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Prior Authorization Panel Yields Insights Into Role of PBMs in Biosimilar Uptake


At a session at the Association of Community Cancer Centers’ 2022 Annual Meeting & Cancer Center Business Summit, panelists suggested that the quest for rebates by pharmacy benefit managers (PBMs) prevents uptake on some biosimilars—and could soon bleed over into biosimilar formulary placement.

A discussion at a recent community oncology conference yielded insights into recent dynamics between pharmacy benefit managers (PBMs) and practices over uptake of biosimilars—along with concerns that without reform, the savings gained from biosimilars could be lost.

Thursday’s session, “Prior Authorization: How the Sausage Is Made,” drew a large crowd during the Association of Community Cancer Centers’ 2022 Annual Meeting & Cancer Center Business Summit, held in Washington, DC. Most of the discussion focused on how prior authorization has increased administrative burdens on oncology practices. However, panelists suggested that the quest for rebates by PBMs prevents uptake of some biosimilars—and could soon bleed over into biosimilar formulary placement.

Collectively, the panel moderated by Ira Klein, MD, MBA, FACP, vice president for medical affairs and payer relations, Tempus Labs, said the system needs a lot of work. Andrew Hertler, MD, chief medical officer for New Century Health, said the system was intended not just to make sure treatments are necessary but also to ensure that practices get paid.

Prior authorization has become so broken that, “coverage itself is not access,” said John Hennessy, MBA, CMPE, senior vice president and strategist, Valuate Heath Consultancy. He explained that prior authorization transactions happen all the time—but most are seamless, such as handing a credit card to a hotel clerk, who makes sure the bill can be paid before checking in a guest.

In health care, by contrast, the process is both slow and unpredictable. “Prior authorization at some point was meant to protect people from low-value experiences,” Hennessy said. “When those transactions happen poorly, and they happen with great uncertainty, that value is lost.”

Lalan Wilfong, MD, executive vice president, Value Based Care & Quality Programs, Texas Oncology, and vice president of payer relations and practice transformation at McKesson Specialty Health, said practices that have assumed risk should not be subjected to the misaligned incentives that have plagued health care and kept costs high. His example is currently upsetting many oncologists: Anthem, he said, is telling practices they must use higher-cost rituximab instead of lower-cost biosimilars.

“Using prior authorization for formulary management is inappropriate,” he said. “We all know exactly what’s going on here.” Practices, he said, will be forced to carry more brands of rituximab and have more refrigerators, and nurses will have to know more formulations.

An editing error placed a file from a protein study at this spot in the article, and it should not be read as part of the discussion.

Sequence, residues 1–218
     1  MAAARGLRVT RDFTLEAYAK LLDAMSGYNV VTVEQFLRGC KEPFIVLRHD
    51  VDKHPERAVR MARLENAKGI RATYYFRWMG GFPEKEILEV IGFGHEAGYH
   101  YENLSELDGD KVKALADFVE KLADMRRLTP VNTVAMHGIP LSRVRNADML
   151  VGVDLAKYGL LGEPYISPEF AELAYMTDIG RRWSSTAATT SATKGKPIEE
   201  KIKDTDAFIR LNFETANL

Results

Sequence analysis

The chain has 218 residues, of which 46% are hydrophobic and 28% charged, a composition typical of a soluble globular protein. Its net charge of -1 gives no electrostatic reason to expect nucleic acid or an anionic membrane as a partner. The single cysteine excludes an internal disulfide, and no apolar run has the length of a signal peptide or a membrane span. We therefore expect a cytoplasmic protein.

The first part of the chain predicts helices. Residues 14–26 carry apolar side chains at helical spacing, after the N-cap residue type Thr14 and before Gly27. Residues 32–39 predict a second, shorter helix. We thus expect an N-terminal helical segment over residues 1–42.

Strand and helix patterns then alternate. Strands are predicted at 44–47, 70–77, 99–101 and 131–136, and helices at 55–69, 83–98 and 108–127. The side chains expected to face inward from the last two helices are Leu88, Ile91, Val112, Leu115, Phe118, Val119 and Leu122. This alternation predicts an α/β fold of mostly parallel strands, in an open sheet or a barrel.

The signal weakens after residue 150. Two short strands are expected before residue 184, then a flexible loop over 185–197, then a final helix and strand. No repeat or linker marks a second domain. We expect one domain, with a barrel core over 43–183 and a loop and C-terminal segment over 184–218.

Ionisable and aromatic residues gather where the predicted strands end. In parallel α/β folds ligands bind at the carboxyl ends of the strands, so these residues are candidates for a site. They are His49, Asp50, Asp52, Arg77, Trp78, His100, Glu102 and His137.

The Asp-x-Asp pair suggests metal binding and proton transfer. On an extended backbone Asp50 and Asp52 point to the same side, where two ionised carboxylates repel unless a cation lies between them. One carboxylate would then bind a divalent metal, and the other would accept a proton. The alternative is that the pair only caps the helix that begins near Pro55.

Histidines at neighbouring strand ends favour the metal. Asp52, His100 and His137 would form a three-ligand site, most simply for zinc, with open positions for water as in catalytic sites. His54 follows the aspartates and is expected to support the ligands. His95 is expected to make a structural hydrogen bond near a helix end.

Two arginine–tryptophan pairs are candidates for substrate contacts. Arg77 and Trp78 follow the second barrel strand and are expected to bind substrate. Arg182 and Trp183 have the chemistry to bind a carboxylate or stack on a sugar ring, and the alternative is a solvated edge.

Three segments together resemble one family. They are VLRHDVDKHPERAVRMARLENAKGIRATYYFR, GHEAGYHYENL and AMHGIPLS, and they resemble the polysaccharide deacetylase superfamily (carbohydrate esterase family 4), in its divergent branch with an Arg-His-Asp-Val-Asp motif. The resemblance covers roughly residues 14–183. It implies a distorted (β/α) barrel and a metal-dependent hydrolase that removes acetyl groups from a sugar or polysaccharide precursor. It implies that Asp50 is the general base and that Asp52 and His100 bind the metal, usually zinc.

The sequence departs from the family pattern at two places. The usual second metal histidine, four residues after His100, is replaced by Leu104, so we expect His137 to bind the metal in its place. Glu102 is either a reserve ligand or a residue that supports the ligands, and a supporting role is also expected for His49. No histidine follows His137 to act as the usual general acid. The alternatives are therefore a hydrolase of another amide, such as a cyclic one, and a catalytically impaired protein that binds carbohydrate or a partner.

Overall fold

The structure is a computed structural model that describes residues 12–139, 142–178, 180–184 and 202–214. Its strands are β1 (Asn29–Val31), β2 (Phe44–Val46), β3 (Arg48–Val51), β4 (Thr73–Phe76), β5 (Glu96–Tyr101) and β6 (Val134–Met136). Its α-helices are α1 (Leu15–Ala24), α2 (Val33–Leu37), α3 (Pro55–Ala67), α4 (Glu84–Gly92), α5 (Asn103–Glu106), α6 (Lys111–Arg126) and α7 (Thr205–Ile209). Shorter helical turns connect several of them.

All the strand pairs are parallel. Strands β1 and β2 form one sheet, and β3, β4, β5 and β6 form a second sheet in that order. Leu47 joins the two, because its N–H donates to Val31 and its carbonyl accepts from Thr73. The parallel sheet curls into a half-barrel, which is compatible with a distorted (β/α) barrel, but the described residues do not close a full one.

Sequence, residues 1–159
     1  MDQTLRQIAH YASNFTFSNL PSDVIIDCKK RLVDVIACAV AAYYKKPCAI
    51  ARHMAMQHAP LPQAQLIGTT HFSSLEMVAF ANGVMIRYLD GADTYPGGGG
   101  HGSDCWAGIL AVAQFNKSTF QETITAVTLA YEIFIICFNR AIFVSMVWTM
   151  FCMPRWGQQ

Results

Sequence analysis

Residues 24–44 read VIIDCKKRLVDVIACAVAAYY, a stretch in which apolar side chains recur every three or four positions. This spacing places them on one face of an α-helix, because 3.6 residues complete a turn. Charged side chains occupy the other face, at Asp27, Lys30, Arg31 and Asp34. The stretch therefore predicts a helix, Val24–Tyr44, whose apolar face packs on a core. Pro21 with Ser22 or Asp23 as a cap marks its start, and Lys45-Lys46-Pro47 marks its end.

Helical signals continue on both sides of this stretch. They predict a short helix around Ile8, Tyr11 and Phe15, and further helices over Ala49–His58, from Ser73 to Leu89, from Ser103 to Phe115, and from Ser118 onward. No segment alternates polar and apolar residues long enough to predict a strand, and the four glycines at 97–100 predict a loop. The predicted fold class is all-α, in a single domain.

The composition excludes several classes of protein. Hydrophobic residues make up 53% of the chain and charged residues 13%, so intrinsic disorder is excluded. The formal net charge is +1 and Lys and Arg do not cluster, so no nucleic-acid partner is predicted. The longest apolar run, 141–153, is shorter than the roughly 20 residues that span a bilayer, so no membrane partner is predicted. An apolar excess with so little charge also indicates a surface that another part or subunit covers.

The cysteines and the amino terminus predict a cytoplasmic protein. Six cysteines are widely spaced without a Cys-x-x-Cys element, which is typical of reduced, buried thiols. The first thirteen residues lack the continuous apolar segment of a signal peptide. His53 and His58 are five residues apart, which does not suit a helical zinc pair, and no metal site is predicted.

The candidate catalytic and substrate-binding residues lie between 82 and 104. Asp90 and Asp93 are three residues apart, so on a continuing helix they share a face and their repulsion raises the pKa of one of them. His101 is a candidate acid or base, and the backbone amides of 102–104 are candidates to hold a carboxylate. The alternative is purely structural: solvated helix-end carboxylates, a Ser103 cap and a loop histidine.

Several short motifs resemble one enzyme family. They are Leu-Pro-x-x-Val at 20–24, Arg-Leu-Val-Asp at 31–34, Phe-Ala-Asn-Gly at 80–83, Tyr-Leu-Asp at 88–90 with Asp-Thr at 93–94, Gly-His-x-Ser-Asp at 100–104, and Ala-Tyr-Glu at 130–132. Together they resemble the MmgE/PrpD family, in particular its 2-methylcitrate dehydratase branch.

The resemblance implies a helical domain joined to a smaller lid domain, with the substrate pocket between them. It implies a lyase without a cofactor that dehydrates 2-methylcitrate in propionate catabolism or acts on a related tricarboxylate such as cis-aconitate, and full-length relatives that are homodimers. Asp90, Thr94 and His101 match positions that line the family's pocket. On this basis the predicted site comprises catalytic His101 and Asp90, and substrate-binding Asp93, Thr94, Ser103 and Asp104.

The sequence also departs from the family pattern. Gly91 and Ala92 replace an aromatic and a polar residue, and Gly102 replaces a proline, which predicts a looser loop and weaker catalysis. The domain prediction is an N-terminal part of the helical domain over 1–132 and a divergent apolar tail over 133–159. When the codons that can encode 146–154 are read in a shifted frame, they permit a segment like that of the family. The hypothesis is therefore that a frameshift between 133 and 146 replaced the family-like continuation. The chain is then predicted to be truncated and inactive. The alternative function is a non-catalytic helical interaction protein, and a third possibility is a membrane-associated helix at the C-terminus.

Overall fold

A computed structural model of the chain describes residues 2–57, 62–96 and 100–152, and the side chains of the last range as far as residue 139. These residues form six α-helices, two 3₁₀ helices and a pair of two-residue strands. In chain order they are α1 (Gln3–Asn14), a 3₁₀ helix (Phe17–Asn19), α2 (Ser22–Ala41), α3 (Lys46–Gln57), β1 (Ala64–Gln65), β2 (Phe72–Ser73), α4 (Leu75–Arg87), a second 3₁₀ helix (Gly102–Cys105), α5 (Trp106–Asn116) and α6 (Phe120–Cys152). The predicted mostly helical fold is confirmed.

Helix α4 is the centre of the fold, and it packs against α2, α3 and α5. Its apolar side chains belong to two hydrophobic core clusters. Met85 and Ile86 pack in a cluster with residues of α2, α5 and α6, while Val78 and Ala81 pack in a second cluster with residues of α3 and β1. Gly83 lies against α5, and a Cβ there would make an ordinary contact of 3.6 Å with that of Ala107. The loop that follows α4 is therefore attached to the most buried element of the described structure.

Hertler agreed, saying that rebates threaten to undermine the ability of practices to manage costs with biosimilars. “The rebates go one place, and someone else is paying the cost,” he said. “If I could eliminate rebates from the world, I would.”

He sees hope in approving “bundles” of care; for example, a patient with non–small cell lung cancer would be approved up front for diagnostic testing, scans at designated intervals, and a course of treatment.

Panelists discussed abuses with step edits, and Klein sees challenges in the diagnostic space.

“It’s not about which is the best product, but which has the best rebate for the payer,” Hennessy said. “If someone takes offense, I’m sorry, but that’s what’s going on. One of the challenges is, as we try as providers of care to take care of patients, to simplify this process, sometimes things outside of our control make it a lot more complex. And prior authorization, in some cases, becomes almost a contract negotiation on a patient-by-patient basis.”

Wilfong said the health system cannot allow mandates that drive up costs and don’t improve patient care. “Honestly, my fear is if we let this continue, or biosimilars start coming out at higher and higher costs, because they can get more and more rebates—that’s not the world we want to live in.”

Instead, savings achieved through the use of biosimilars should be invested in targeted therapies, where extra spending might be warranted, Wilfong said.

“Biosimilars are supposed to lower the cost of cancer care, and they did. But it's my fear is that we may actually flip into a world where that doesn't occur,” he said. “And I don't think any of us want to live in a world where cancer care costs continue to escalate rapidly.”

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